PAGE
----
A Gentleman's Guide

MAY | 2019




Is defining someone’s actions as a result of them being a product of their environment a cop out, or does it serve as a valid explanation for various types of beliefs, attitudes and behaviors? Do we actually know what we mean when we use this term, or are we just recycling something we heard someone say? More than likely the latter of the two is true, and you’ll see why as we use this month’s Front Page to unwrap the answers to these questions as we explore whether or not the homophobic black man is an environmental product.

We don’t need to waste time defining homophobia. Its in the music we listen to, in the news we watch, the policies enacted by the government, and in the stupid shit we hear our “friends” and family say. It’s Kevin Hart’s 2011 tweet, Jay-Z’s “‘Cause faggots hate when you gettin’ money like athletes” (who said we hate that?) bar on “Heart of the City (Ain’t No Love), Tim Hardaway’s 2007 “I am homophobic” declaration, and the not too soon forgotten Don’t Ask, Don’t Tell culture of the United States Armed Forces. Shit’s everywhere, and it has been for quite some time.

History serves a consummate reminder of how long, far and low homophobia can go. The ancient Romans passed laws ordering the execution of homosexuals in 529 BC, the first sodomy law was passed in colonial America in 1610, and homosexuality was linked to adverse mental health issues in 1857. The United States military implemented policies to reject gay draftees in 1942, and restitution payments for SGL survivors of the holocaust were withheld in 1945. U.S. republicans viewed gays working within the confines of the federal government as a threat to national security during the 1940’s, and in 1951 homosexuality was classified as a mental illness by the American Psychiatric Association. It was later redefined as a sexual deviation in 1968. In case you felt a tinge of sadness after learning about the destruction of Notre Dame-don’t. The Roman Catholic church described homosexuality as an objective disorder in the not so distant past of 1986, so its safe to say that the objectively disordered clown came back to bite. And lastly, y’all’s first black president, Bill Clinton signed the Defense of Marriage Act in 1996, which prevented “non traditional” marriages on a federal level. So yeah, history does a great job recounting just how kind they have been towards us.


A closer view of the environments that foster homophobic beliefs reveals that they share a similar origin: religion. We’ve had this discussion before, so there’s no need to rehash what we already know. What’s understood doesn’t need explaining. Such, we’ll move on to something that’s not so understood, and that’s the alleged love affair black men have with homophobia and the environments that spawn it. We can’t hold the entirety of the church (black, or otherwise) as being one hundred percent accountable for the black man’s homophobia, because most of these homophobic n*ggas ain’t been to church since Christ was on Calvary. They’re at the bodega, in barbershops, still living at home with their mothers, juggling multiple seemingly unaware girlfriends, somewhere between jobs, and secretly sliding into some of our DMs. You know the type. He’s probably your cousin. Needless to say, they’re almost everywhere but in church.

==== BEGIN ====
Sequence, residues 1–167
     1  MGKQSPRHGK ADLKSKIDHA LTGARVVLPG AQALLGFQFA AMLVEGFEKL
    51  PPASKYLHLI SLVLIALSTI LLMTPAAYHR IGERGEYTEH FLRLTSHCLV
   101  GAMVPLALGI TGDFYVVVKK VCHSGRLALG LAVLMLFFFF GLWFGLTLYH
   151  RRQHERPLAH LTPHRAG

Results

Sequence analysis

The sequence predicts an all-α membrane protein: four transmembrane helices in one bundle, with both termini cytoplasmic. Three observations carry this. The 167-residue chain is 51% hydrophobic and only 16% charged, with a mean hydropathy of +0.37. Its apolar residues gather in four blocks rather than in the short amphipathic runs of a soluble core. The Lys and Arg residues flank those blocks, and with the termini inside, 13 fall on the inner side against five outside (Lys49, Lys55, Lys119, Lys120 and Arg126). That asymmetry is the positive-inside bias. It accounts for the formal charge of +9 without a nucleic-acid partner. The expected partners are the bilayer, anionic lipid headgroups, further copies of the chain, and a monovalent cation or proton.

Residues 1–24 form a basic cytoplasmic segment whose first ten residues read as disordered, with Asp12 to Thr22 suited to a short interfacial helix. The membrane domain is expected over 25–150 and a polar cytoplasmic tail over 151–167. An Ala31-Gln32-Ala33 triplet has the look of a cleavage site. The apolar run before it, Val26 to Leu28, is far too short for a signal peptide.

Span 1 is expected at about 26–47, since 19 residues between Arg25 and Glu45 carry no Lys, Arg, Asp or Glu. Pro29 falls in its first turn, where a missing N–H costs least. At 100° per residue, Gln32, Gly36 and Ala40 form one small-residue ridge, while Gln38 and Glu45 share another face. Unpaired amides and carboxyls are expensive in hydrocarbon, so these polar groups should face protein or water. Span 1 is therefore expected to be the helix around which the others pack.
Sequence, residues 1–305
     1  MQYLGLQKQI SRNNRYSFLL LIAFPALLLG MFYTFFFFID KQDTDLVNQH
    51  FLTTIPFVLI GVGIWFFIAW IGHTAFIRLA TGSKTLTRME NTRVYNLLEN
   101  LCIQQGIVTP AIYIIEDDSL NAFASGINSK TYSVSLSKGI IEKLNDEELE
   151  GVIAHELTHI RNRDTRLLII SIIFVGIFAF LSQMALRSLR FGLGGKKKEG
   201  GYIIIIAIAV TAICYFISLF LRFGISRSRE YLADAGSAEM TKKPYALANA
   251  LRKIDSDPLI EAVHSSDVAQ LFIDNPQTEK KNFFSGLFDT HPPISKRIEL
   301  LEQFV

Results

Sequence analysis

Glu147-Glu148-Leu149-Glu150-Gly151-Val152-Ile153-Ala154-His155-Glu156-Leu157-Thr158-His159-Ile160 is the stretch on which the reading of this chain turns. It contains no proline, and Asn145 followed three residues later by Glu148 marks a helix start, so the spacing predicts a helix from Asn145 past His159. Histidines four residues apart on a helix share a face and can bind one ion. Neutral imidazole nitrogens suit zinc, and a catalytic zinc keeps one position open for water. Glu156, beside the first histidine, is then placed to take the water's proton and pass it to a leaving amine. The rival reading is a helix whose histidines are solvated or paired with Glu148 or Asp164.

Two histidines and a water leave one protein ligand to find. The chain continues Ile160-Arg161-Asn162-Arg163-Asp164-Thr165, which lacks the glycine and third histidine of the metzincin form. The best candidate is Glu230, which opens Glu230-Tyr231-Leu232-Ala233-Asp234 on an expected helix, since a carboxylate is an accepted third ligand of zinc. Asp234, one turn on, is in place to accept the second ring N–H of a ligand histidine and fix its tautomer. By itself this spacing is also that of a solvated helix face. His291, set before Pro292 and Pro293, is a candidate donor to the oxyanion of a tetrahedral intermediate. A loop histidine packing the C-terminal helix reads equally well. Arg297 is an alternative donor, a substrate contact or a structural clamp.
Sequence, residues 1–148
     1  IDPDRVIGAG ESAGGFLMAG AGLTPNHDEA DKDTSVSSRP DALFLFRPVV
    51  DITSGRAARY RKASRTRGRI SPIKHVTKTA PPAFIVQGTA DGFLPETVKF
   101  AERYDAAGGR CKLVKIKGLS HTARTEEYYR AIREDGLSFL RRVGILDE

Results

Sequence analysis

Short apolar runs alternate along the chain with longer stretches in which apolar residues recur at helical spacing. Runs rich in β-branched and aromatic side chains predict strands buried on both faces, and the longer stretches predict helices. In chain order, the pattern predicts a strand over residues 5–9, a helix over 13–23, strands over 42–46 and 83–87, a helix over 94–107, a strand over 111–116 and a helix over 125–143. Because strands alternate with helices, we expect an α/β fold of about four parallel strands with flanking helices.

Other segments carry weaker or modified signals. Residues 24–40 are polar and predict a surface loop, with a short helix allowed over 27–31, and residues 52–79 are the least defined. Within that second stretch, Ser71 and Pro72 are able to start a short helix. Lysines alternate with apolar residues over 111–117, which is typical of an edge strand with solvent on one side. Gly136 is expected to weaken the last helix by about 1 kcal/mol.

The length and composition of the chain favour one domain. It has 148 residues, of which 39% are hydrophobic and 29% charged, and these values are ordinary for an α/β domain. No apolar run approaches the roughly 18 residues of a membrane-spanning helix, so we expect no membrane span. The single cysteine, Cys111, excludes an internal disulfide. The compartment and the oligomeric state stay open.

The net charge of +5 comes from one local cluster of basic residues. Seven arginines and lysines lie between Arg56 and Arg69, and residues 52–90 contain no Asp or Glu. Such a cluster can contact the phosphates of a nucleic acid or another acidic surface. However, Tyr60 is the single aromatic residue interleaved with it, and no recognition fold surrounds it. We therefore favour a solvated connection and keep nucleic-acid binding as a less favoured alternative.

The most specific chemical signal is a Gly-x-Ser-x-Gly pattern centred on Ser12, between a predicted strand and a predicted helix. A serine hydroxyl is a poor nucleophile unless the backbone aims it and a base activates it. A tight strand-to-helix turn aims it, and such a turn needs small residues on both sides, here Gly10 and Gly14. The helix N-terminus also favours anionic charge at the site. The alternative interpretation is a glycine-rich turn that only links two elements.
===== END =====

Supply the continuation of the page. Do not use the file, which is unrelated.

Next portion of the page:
Of course we say all of this in jest, but it doesn’t change the fact that many heterosexual black men are systematically bred to be homophobic. Hell, many of us were systematically bred to be homophobic. It comes along with the social environments many of us were raised in, the environments where we learned-as we were taught- to get in where we fit in. Black views of homosexuality find their root in the assumption that to be black and gay is to be weak. Because this view is so prominent within our communal environments, it's not hard to understand how some of our brothers marry themselves to the ideal. But is their marriage to homophobia their circumstance or their choice?

Using the environment and the attitudes and beliefs that exist within said environment as an excuse to not do better is a cop out. Becoming someone other than the person your environment predicates you to be is as simple as making the choice to do so. If the average adult makes at least 3,500 decisions a day, surely one of those decisions can be to NOT be a dick head. Of course not having the right guidance can take any of us down the wrong path, but again, decisions. We can’t help the environments we were raised in, but dammit, we can always DECIDE to be better.

The decision to do otherwise (or to do nothing-because doing nothing is still a decision) marries us to the thing we’ve decided to, or not, to do. This is where we find the answer to whether or not heterosexual Black men are married to homophobia. Are they? Monolithically? No. Diminutively? Certainly. We do our best to avoid lumping people into groups because it’s not fair. Plus we can’t stand when people do it to us, so there’s that. Black men aren’t any more homophobic than any other group of men. They may be louder with their homophobia, but their talent at being loud and wrong do not make them the winners of the “who’s more homophobic” award of excellence.

The love affair Black men have with homophobia is rooted in confirmation bias, which occurs every time we use the slightest little thing to confirm a bias we already have against a specific group of people. It’s assuming that Black gays who exclusively date white men are “black, okay?” gays with deeply rooted self hate issues, the presumption that we all live in Atlanta, or that Beyonce has secretly deputized us to carry out some sort of “agenda”. See how silly that sounds? Well, that last part might be true, but whatever. Just as its assumed that we are relegated to the confines of doing certain things and acting in certain ways, we in turn assume the same of our heterosexual brothers. All we need is to hear one “faggot” from someone dressed like an extra who escaped from Fabolous’ Young’n video and *boom: Black men are the most homophobic men on Earth.  We’ve gotta be more careful about thinking this way.

Black men are diminutively homophobic at best. The black homophobe is generally found among those who walk along avenues of limited individuality, amidst crowds who are collectively divorced from exhibiting any natural form of self expression, and often find themselves engulfed by their own insecurity. Individuality will always be that thing that sets us apart from them. It’s not something we’re born with, but something we develop.